Murray-Darling Basin scam
I am one of many who have been putting forward community and farmer concerns regarding this incredibly deeply-flawed Murray-Darling Basin Plan right from the start.
It has been politicised and shockingly altered all the way through.
We have seen whole irrigation districts closed down and communities altered forever.
Now that would not be so bad if these effects were felt in all parts of the MurrayDarling Basin.
At the moment, the Murray River is running unseasonably high, Dartmouth Dam is at 78 per cent, yet some farmers who rely on the Murray for irrigation water are at zero per cent allocation.
The Mulwala canal is being used to divert water around the Barmah choke. But wait, there’s more. The Lower Darling River has been shut down and a pipeline has been built from Wentworth to Broken Hill and the Murray is being relied on yet again.
What happens to all the people reliant on the Darling River in its lower reaches? They have been sacrificed.
A shocking amount of water is being diverted from the upper reaches of the Darling and this simply cannot be sustained.
Lastly, the lower lakes in South Australia must be addressed as they take thousands of gigalitres each year to keep them artificially fresh. Plenty of people have solutions yet they are not being listened to.
There is an enormous disconnect between rural Australians and the major political parties and that is why independents are winning more and more seats.
We are six years on from the start of this ill-conceived plan and it had been brutalised, bastardised and shockingly altered by narrow-minded politicians and bureaucrats.
Things needs to change
Before long politicians and their staff — along with many public servants — who are charged with policy decisions and implementation, will take their Christmas break.
Some might take a bit of extra time this year, with Christmas Day and New Year’s Day on a Tuesday, making it easy to take a couple of flexi days and extend the break.
They will also have their holiday in comfort, knowing their job and secure income will be waiting for their return.
Unfortunately, the decisions they make can have a vastly different impact on their fellow Australians.
Take those who work for SunRice, in the Riverina, for example. It has announced 100 job losses as it restructures to cope with one of the lowest summer crops in history.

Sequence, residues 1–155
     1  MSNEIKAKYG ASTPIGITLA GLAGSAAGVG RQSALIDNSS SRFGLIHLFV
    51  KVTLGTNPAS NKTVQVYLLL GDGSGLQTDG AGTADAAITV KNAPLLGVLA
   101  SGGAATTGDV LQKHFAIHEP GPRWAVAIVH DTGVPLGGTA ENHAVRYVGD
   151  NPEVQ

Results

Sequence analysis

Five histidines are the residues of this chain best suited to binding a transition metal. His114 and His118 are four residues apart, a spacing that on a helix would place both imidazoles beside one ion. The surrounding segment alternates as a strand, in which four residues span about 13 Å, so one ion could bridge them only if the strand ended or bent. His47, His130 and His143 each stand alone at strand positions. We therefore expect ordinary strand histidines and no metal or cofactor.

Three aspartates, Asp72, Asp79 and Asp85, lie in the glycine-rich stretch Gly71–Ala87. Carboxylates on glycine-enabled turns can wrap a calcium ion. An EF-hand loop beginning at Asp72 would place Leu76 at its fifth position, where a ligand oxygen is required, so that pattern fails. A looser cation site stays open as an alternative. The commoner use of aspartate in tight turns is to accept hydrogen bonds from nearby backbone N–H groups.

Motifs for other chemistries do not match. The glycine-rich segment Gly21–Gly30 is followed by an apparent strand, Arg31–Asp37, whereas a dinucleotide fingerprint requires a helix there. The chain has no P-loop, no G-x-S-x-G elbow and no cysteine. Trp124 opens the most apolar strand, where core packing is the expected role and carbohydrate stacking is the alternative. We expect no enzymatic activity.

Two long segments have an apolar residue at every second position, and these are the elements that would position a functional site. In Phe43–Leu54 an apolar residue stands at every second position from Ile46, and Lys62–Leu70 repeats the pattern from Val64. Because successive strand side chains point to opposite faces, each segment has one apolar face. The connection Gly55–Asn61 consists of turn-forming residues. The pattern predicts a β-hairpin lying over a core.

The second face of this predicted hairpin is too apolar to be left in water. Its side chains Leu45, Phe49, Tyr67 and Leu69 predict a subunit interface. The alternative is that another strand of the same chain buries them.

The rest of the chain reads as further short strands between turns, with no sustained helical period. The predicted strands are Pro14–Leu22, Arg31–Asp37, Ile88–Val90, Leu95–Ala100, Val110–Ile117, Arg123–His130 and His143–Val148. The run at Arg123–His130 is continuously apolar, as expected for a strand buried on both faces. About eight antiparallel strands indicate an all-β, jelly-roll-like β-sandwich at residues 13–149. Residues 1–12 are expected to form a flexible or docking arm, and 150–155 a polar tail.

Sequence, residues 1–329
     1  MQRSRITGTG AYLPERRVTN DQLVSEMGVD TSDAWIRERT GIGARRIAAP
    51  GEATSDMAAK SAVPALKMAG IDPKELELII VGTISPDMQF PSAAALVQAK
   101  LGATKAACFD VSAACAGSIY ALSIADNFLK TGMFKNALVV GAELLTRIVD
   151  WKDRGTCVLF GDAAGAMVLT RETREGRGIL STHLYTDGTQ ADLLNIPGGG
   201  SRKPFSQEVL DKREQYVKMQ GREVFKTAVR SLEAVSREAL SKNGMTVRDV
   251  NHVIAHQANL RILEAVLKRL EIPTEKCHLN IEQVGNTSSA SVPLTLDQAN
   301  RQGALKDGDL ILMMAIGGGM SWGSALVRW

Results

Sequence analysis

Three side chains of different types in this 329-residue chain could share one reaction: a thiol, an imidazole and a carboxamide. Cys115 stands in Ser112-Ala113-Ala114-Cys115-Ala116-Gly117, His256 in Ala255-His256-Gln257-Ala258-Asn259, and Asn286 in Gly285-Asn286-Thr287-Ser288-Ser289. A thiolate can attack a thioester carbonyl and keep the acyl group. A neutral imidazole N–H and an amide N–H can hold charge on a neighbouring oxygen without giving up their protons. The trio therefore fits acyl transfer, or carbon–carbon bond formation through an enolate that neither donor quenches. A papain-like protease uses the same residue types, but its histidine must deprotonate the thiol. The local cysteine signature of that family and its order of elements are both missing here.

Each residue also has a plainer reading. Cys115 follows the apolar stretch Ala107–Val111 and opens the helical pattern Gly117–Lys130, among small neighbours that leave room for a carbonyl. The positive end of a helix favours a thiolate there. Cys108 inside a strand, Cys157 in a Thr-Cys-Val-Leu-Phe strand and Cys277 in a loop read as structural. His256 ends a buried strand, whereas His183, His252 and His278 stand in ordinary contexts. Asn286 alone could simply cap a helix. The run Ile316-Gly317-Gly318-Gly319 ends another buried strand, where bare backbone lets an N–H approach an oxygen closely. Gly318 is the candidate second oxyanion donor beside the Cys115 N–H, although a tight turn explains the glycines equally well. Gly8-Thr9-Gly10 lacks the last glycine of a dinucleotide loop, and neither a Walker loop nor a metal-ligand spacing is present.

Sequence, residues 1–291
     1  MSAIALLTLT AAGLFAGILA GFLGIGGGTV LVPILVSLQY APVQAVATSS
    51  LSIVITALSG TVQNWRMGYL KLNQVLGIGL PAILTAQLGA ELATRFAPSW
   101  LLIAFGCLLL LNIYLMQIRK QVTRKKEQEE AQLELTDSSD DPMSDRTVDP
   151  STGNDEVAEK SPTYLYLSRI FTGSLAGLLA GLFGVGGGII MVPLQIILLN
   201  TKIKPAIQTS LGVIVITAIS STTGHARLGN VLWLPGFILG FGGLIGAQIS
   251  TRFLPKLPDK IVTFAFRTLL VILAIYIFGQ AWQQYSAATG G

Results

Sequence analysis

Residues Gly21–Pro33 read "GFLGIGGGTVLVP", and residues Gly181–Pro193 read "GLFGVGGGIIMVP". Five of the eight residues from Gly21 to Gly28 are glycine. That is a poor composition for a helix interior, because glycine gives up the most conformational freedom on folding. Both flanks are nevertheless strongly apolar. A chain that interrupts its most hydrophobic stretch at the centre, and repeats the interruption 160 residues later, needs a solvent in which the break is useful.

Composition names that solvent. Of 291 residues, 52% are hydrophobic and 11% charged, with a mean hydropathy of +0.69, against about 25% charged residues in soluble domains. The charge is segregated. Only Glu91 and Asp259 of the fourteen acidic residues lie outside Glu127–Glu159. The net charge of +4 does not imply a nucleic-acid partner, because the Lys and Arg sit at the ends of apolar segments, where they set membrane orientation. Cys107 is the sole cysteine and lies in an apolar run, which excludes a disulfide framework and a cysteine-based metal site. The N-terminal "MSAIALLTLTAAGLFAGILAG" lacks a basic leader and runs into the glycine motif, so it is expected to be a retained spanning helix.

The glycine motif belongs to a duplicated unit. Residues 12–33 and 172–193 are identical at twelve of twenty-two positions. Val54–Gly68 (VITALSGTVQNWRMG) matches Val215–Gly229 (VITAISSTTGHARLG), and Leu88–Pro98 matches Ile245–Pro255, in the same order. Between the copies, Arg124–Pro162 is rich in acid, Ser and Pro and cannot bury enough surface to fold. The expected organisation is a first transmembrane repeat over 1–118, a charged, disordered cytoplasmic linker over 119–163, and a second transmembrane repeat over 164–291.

Meanwhile, in other parts of southern NSW and northern Victoria, dairy farmers are culling herds and walking off farms.
This is all happening because our decisionmakers insist no allocation of water should be given to southern NSW food and fibre producers, while those in Victoria are faced with exorbitant water prices.
At the same time, the Murray and Murrumbidgee rivers are running high — the Murray above capacity, forcing desperate farmers to watch nearby forests flood, while their nearby paddocks turn to dust.
In fact, roughly 200 000 Ml, 40 per cent of Sydney Harbour, has unintentionally spilled into the forests because the river is not being operated efficiently.
Due to outdated rules which haven’t been updated despite significant changes in recent years to water delivery, these river losses come out of the food-producing bucket.
That’s food that could be grown to support all Australians, regardless of where you live.
This is devastating for farmers who want grow the produce needed by our nation and the rest of the world.
As a consequence we are now dealing with a whole range of associated issues, including increased mental health, severe financial stress and, in some cases, bankruptcy.
This is all being caused because the politicians and bureaucrats in charge of water policy development and implementation are refusing to listen to those who live and breathe their local environment, nor will they ‘come to the table’ and work on effective solutions that ensure there is plenty of water for the environment, food production and South Australia.
Even in times of drought we can all survive if we get the balance right; at present it’s not.
I call on the Water Minister David Littleproud, a country guy from Chinchilla, who I am sure knows the devastation caused by the loss of 100 jobs in a small town, to step up and provide some protection to our rural communities.
It can be as simple as demanding his staff — before they go on holidays — work on rule changes to return the wasted 200 000 Ml to farm production.
We’re a long way from Chincilla, but we feel the pain of unnecessary lost jobs in the same way.